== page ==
News Analysis |
The notorious former SSP Malir Rao Anwar finally appeared before the Supreme Court (SC) on Wednesday after absconding for almost 2 months in the Naqeebullah Mehsud encounter case. He was later arrested on the orders of the court. Anwar arrived at the SC in a white corolla, wearing a surgical mask, escorted by the police. The hearing was going on inside the SC at that time. The three-member SC bench headed by the Chief Justice of Pakistan (CJP) resumed the hearing of the case when Anwar arrived.
“You used to act brave. Where had you been all this time? ,” inquired the CJP Mian Saqib Nisar. “You went into hiding. Do you not trust the courts?” he added. Anwar replied simply that he was innocent. “You aren’t doing anyone a favor by appearing before the court,” the vexed CJP told Anwar. He further stated that the letters written by Anwar to the SC were not befitting. The court later ordered Anwar’s bank accounts, CNIC, and passport to be unblocked, and his salary to be paid so his children don’t face any financial problem.
Anwar’s counsel requested the SC to grant him a protective bail. The request was rejected and the court ordered the police to take Anwar into custody. He also requested the SC to form a Joint Investigation Team (JIT) consisting of members from intelligence agencies: ISI and IB, stating that he did not trust the Sindh police. This request was also turned down by the SC who ordered the formation of a 5 member JIT headed by the Sindh Additional Inspector General (AIG) Aftab Pathan.
The apex court ordered the protection of Anwar in the police custody and asked the IG Sindh A.D Khawaja to ensure his safety. The CJP took a sworn oath from Naqeebullah’s family that they will not harm Anwar and dismissed the session. He was arrested by the Islamabad police afterwards and will be later handed over to the Sindh police and transferred to Karachi.
Read more: Supreme Court fails to lure Rao Anwar
Who was Naqeebullah Mehsud?
Naseembullah Mehsud, who was commonly known Naqeebullah, was a 27 year old from South Waziristan. He was murdered in a police encounter on 13th January in Shah Latif Town, Karachi. The police raid which killed Naqeebullah was headed by former SSP Malir Rao Anwar who claimed that the suspects were militants of TTP, but family members of Naqeeb rejected the claim and demanded an investigation against the police. The Supreme Court also took a ‘suo-moto’ notice of the case.
The extrajudicial killing of Naqeebullah by police officials sparked a huge outcry on social and electronic media. He was a model on the social media website Facebook with a significant following. Anwar has allegedly committed around 444 encounters; this one came to light because the victim was relatively well known.
The murder also sparked a number of protests throughout the country against police atrocities. It has already been established by a Joint Investigation Team (JIT) that Naqeebullah was not part of any terrorist or militant organization. Civil society activists severely protested against his killings and demanded that the murderers of Naqeebullah and all other victims of extrajudicial killings should be brought to justice.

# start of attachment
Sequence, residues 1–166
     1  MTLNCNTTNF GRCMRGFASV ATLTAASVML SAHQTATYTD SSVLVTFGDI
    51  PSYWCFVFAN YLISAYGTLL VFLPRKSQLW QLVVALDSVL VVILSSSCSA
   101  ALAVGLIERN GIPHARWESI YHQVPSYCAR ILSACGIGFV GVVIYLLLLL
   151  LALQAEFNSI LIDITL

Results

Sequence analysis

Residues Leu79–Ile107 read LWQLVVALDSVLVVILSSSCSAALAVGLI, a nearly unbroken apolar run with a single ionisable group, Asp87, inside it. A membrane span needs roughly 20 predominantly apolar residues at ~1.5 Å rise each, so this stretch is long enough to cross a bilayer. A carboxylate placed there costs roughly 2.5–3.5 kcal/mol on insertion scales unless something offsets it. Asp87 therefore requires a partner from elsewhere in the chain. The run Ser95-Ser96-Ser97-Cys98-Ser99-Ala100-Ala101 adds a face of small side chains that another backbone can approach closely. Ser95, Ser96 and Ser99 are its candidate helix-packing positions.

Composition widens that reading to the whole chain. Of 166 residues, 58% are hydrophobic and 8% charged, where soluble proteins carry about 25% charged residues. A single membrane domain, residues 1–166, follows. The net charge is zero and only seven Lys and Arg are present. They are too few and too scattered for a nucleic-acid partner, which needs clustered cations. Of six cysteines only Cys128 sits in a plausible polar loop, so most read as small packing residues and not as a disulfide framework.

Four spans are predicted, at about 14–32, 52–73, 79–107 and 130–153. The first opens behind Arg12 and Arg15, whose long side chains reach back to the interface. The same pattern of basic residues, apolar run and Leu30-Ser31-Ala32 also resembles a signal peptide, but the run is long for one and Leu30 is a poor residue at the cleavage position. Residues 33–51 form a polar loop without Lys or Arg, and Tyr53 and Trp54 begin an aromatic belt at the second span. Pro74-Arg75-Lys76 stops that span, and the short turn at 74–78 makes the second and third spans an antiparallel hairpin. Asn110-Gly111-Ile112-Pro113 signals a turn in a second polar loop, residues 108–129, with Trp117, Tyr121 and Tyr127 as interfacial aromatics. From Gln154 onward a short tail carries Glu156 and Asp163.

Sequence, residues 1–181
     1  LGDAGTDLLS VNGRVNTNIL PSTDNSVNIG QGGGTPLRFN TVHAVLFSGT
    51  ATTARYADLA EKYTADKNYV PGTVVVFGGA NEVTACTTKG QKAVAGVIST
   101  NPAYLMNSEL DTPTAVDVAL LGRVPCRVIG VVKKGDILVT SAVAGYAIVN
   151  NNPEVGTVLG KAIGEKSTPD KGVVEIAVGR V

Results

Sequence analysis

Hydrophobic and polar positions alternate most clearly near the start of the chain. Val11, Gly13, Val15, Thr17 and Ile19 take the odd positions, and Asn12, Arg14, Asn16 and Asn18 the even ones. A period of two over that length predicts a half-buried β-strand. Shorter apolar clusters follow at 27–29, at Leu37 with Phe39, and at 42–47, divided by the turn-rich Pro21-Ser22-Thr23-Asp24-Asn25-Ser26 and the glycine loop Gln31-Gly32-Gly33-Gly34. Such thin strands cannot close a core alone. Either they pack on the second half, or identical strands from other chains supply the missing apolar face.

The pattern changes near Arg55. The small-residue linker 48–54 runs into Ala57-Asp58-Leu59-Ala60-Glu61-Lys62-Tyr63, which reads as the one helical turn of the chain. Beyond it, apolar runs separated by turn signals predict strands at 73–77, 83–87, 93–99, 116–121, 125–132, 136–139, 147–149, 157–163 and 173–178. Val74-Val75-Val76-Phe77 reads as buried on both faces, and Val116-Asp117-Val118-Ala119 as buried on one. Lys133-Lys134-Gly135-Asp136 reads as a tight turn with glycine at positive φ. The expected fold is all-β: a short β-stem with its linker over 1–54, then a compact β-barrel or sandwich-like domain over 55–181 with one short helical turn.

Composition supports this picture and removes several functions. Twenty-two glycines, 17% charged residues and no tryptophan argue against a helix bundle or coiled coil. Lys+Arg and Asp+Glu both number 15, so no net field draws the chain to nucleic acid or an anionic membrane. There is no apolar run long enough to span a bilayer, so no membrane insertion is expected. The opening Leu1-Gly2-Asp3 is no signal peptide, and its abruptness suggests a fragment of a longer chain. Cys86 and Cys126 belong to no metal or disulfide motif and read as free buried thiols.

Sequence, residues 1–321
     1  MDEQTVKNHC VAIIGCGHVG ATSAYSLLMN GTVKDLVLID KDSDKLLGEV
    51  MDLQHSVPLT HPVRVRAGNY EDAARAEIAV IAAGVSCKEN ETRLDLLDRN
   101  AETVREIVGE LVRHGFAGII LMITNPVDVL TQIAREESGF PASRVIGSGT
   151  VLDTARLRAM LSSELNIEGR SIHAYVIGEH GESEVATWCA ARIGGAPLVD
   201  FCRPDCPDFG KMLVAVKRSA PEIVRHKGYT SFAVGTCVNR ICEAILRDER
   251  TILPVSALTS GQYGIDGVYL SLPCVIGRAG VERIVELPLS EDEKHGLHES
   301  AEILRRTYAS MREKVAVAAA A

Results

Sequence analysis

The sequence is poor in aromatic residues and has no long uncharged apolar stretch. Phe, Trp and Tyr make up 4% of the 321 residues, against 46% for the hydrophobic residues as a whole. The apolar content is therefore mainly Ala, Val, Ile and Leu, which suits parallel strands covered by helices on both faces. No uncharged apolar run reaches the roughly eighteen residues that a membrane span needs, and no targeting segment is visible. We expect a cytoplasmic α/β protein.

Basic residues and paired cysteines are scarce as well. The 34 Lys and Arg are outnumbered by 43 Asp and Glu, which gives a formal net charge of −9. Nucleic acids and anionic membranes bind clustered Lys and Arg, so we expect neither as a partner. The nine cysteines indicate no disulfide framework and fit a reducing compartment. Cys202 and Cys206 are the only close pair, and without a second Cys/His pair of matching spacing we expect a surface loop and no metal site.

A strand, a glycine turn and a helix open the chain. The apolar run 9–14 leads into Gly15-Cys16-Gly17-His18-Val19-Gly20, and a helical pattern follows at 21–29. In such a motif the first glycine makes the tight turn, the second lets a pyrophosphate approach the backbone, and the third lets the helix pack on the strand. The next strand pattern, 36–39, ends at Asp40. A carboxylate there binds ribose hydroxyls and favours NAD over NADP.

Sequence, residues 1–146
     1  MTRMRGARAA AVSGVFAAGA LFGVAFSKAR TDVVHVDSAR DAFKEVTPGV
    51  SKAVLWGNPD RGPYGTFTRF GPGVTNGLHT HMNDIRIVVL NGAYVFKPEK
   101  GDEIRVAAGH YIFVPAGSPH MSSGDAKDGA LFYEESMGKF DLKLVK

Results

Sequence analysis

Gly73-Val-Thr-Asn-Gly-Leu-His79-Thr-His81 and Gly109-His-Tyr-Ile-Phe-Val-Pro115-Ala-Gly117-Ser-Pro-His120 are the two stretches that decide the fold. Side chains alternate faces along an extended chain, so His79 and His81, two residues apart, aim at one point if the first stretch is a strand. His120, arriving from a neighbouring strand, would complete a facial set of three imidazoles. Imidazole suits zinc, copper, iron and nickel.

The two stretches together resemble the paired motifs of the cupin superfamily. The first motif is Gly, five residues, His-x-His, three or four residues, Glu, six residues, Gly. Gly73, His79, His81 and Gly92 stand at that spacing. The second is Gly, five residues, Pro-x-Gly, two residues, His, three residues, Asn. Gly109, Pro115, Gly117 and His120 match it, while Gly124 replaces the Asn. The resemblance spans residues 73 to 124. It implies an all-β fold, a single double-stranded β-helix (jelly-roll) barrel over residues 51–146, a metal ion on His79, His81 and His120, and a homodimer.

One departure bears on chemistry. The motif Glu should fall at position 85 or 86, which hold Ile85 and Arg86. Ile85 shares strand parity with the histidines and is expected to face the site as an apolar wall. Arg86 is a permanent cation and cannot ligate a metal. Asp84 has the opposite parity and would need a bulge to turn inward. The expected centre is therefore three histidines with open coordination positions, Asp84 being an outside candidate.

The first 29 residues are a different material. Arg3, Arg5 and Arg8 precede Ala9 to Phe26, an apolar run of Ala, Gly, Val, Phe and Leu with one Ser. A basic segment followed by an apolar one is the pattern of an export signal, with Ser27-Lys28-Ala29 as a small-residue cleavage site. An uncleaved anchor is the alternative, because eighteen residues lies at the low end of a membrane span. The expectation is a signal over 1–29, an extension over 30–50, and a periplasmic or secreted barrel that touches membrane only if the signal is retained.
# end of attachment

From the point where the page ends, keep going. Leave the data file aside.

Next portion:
Developments in the case
Former SSP Malir Rao Anwar had been on the run for the past couple of months and was last seen on 23rd January in the Benazir Bhutto International Airport while trying to flee the country. His name was then placed on the Exit Control List (ECL). On 14th March, he had requested the Supreme Court (SC) to unfreeze his assets which were frozen on 3rd March by the State Bank of Pakistan (SBP) for his repeated failure to appear before the court in a letter addressed to the CJP.
The CJP had received another letter from Anwar on 13th February, in which he claimed that he was innocent since he was not present at the site of the encounter. Anwar had also alleged that he was being framed by some senior police officers. After this letter, the SC had granted him a protective bail to appear before the court in 3 days but despite assurances, he failed to show up.
The apex court had also issued a contempt of court notice to Rao Anwar for his failure to comply with the court’s orders. On 19th March, the CJP had warned that anyone found facilitating Anwar to evade justice would face dire consequences. The innocence of Naqeebullah has already been established in the case but the conviction of Anwar is yet to be determined. Sindh Police has claimed that they have captured Anwar’s accomplices in the police department and the investigation is ongoing.
Read more: Rao Anwar’s name placed on Exit Control List
Where was Anwar hiding?
Anwar has not revealed the details of his hiding to the Supreme Court and it is not yet sure if the SC will push him to do it. Some media commentators believe that whoever was hiding Anwar must have gotten perturbed after the SC threatened his facilitators with dire consequences. Anwar is accused of committing 444 extrajudicial murders; his stature as senior police officers doesn’t oblige him to kill so many people in encounters since it doesn’t serve his interests. It is believed that the former SSP was pressed to do this by political groups to serve their own purposes. If he reveals their names, it will prove disastrous for some political parties heading into the 2018 general election.s